Estonian apartment demand fuelled by overseas buyers
By Danny Bance

Estonian apartment demand fuelled by overseas buyers

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Demand for apartments in Estonia is being fueled by overseas buyers, according to a series of property experts. Taavi Reidmets, head of housing at Ober-Haus Kinnisvara, explained Russian investors are proving to be particularly interested in Estonian real estate. However, Scandinavians are also becoming more active in the region.

Narva-Joesuu has found itself in high demand among Russians, with property out of the price bracket of locals, Rando Vanaveski, head of the northerns Estonian region of Domus Kinnisvara, said. Figures have shown 23 apartments were sold in Narva-Joesuu in June and July, in addition to five private houses. Over the year, 67 transactions have included apartments, while seven have involved private homes. Mr Vanaveski believes the strong performance in June and July was the result of the notarization of apartments booked earlier at one popular building. Sunset Residence had 95 per cent of their apartments booked by Russian citizens.

Investors on the lookout for Estonian property should expect to pay between €80,000 and €500,000 for a seaside apartment. However, in all markets prices are on the up. Data from Eurostat recently revealed that in the first three months of the year values were up 7.7 per cent from the same time in 2012. During the period, this was the highest annual increase recorded on the continent. Figures were also positive when analysed quarter-on-quarter, up 3.1 per cent from Q4 2012. This was the second largest increase recorded in Europe for Q1, with Romania topping the growth charts at 4.3 per cent.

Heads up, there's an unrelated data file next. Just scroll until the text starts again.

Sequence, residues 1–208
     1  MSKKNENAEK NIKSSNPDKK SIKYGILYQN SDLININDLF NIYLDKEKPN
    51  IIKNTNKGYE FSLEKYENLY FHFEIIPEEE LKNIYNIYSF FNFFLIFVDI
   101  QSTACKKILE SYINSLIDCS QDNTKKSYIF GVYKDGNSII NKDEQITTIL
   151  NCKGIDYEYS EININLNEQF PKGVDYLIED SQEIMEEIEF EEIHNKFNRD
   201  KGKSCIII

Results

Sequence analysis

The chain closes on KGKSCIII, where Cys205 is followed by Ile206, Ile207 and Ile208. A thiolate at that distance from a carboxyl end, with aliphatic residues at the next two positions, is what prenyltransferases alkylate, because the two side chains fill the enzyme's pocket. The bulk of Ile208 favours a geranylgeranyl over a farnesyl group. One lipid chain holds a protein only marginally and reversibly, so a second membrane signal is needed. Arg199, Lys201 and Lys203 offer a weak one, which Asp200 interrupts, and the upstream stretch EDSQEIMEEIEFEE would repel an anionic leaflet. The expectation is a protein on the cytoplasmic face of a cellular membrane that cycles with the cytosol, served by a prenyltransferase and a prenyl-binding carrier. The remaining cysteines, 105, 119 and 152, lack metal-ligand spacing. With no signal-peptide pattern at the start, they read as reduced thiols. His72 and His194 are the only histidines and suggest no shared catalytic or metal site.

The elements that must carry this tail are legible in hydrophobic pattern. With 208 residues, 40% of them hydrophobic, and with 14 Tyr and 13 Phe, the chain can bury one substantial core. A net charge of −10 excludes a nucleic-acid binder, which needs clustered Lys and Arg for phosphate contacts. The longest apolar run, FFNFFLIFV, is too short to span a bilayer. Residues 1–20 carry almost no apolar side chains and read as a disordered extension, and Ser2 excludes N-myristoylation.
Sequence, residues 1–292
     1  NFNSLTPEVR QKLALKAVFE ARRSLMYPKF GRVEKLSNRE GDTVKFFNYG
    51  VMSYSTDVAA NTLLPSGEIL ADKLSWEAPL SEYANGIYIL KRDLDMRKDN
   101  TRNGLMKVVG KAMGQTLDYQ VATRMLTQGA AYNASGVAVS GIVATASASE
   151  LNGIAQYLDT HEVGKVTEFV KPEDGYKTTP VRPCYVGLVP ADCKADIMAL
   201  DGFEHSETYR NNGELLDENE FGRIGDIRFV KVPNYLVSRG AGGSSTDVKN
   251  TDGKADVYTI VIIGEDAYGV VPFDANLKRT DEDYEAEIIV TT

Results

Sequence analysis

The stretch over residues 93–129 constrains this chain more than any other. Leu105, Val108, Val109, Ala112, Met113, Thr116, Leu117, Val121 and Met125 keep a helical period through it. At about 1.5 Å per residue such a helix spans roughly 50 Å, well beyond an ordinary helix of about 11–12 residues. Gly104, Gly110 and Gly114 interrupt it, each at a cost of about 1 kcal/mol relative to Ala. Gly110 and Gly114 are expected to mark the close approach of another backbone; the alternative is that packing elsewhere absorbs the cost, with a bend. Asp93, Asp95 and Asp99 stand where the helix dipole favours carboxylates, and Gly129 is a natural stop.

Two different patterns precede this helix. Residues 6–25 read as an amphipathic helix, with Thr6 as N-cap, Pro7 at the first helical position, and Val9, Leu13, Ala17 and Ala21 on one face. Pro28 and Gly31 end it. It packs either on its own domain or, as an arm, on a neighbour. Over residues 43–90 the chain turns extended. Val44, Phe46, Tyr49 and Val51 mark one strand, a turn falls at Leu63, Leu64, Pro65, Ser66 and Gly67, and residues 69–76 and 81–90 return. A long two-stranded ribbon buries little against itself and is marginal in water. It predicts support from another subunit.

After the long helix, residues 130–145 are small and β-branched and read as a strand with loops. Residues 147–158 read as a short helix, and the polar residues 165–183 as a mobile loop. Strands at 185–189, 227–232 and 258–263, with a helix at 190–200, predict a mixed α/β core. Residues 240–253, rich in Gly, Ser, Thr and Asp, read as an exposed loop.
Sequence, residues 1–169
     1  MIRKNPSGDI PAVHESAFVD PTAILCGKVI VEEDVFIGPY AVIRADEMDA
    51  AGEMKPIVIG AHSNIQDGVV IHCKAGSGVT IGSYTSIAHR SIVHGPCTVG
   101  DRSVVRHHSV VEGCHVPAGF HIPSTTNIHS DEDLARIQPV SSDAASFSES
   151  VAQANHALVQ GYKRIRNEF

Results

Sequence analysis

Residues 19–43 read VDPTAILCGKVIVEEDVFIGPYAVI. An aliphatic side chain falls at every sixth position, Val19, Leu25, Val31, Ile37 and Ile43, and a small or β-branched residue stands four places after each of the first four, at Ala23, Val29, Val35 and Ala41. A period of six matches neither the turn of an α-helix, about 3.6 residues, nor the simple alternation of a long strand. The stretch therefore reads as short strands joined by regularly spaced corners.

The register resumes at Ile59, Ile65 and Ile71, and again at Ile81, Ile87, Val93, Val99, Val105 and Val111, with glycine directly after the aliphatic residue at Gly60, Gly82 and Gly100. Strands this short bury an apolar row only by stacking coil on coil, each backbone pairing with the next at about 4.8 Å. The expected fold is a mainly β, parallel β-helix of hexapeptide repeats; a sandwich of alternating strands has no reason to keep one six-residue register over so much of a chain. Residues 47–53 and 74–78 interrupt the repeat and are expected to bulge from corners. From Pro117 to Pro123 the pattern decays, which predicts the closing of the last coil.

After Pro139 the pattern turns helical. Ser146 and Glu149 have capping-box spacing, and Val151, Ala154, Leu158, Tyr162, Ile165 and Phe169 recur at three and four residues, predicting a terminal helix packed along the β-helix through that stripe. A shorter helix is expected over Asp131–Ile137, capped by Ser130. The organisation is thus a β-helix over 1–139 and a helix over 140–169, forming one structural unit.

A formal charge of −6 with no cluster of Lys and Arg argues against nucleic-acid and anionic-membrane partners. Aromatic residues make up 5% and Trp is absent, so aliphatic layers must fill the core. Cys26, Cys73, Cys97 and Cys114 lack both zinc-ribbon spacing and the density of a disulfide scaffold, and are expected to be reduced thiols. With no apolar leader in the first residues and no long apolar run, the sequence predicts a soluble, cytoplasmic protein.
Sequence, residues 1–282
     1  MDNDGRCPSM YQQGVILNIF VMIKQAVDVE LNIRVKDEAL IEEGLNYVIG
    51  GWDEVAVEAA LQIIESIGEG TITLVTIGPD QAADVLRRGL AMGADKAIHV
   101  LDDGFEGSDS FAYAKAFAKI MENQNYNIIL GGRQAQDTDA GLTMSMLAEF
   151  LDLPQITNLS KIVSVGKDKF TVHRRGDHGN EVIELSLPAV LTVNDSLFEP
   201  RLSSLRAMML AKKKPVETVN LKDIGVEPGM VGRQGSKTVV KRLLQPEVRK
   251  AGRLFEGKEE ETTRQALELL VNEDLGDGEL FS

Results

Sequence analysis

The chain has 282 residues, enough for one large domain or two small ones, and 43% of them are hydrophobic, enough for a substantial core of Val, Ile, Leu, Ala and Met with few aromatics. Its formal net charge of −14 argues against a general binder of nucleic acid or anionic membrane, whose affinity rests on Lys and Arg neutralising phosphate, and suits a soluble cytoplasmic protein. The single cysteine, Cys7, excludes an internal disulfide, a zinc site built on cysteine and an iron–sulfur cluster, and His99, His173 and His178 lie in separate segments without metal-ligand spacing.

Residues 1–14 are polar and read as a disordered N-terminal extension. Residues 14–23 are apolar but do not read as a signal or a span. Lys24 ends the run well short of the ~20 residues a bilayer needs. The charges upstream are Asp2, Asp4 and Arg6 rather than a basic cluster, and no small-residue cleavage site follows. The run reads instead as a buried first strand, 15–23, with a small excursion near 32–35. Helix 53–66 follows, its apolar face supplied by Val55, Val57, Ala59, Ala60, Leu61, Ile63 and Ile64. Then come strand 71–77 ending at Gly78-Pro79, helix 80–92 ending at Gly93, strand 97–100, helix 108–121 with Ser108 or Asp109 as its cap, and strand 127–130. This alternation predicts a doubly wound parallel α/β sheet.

Improved lending conditions are likely to be behind the upturn in the Estonian housing market. At the beginning of 2013, Bloomberg reported the country was planning to create a mortgage bond market too. This would stimulate activity by lowering borrowing costs further and revival capital. Priit Perens, Swedbank chief executive officer, told the news provider: "The main reason to do this is to finance our activities more cheaply. In Sweden, there is a clear difference in prices of mortgage-backed bonds and senior unsecured bonds. It would definitely also be a suitable instrument to boost the local capital market."
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